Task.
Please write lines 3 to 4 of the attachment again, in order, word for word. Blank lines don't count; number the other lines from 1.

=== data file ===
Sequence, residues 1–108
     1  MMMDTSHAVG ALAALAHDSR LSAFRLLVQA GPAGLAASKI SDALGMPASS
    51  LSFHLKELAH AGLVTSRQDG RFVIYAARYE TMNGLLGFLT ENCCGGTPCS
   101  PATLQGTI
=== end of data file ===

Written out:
    51  LSFHLKELAH AGLVTSRQDG RFVIYAARYE TMNGLLGFLT ENCCGGTPCS
   101  PATLQGTI